John Quincy Adams, the sixth president of the United States and the son of John Adams, the second president said that Christianity produced the public morality necessary for civil freedom because God alone affects the heart:
Human legislators can undertake only to prescribe the actions of men: they acknowledge their inability to govern and direct the sentiments of the heart; the very law styles it a rule of civil conduct, not of internal principles. . . . It is one of the greatest marks of Divine favor . . . that the Legislator gave them rules not only of action but for the government of the heart.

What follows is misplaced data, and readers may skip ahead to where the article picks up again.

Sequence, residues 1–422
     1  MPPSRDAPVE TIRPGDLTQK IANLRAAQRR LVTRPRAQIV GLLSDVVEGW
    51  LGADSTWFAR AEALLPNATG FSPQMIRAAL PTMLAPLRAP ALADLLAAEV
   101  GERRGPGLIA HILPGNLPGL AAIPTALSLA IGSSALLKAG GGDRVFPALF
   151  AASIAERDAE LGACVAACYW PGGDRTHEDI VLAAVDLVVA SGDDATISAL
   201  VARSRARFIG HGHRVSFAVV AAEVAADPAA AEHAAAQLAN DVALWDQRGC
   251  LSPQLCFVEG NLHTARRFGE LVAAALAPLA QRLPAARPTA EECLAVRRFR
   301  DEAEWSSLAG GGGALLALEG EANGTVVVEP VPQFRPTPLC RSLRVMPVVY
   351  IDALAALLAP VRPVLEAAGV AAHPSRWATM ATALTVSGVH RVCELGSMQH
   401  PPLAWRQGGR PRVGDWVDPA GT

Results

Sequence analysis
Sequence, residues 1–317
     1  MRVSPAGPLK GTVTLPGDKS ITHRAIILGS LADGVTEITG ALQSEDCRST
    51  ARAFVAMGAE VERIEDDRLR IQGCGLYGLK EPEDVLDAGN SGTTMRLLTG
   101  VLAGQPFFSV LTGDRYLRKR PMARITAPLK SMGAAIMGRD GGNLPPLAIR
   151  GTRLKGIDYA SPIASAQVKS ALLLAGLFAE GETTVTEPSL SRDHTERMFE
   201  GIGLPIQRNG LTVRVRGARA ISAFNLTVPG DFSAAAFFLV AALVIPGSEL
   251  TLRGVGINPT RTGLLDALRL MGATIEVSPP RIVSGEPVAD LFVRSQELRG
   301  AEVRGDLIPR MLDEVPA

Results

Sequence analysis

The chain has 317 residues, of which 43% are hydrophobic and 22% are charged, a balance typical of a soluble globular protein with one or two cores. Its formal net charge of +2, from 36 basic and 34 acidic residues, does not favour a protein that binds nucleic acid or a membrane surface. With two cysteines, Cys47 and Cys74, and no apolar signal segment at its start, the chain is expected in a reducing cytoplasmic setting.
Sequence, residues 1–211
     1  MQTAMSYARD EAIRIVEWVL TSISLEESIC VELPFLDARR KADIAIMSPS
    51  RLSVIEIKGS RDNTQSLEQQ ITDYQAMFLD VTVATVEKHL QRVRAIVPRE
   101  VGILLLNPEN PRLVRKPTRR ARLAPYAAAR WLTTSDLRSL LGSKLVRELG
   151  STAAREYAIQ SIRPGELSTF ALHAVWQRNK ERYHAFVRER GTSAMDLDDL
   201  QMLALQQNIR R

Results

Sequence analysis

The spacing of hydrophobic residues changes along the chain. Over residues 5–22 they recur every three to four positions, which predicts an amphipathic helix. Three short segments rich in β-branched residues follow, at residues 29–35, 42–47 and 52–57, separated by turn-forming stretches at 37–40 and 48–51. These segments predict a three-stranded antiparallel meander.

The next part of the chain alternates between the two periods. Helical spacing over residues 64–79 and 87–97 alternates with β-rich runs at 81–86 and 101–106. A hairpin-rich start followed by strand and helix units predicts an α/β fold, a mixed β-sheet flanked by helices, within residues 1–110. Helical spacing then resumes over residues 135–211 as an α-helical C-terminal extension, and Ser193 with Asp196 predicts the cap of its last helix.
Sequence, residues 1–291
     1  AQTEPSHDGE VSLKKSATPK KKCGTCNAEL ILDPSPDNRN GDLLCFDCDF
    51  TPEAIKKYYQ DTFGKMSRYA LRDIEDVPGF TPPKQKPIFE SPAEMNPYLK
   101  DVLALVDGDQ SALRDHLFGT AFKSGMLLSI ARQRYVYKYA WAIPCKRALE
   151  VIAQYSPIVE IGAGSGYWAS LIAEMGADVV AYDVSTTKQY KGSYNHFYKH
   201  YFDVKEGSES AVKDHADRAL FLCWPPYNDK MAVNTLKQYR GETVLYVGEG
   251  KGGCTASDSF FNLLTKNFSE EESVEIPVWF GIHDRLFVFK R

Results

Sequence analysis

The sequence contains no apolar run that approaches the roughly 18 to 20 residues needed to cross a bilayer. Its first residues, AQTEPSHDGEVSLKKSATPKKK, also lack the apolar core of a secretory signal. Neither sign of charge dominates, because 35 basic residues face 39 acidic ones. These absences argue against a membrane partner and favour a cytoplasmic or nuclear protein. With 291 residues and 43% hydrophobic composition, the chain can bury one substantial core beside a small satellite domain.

And he pointed to three different beliefs he said were foundational to morality:
Three points of doctrine, the belief of which, forms the foundation of all morality. The first is the existence of a God; the second is the immortality of the human soul; and the third is a future state of rewards and punishments. Suppose it possible for a man to disbelieve either of these articles of faith and that man will have no conscience, he will have no other law than that of the tiger or the shark; the law of man may bind him in chains or may put him to death, but they never can make him wise, virtuous, or happy.